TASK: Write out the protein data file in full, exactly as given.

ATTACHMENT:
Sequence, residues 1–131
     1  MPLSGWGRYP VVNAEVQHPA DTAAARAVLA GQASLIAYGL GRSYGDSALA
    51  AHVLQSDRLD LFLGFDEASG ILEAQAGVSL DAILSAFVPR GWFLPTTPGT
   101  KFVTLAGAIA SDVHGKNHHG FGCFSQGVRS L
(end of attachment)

Sequence, residues 1–131
     1  MPLSGWGRYP VVNAEVQHPA DTAAARAVLA GQASLIAYGL GRSYGDSALA
    51  AHVLQSDRLD LFLGFDEASG ILEAQAGVSL DAILSAFVPR GWFLPTTPGT
   101  KFVTLAGAIA SDVHGKNHHG FGCFSQGVRS L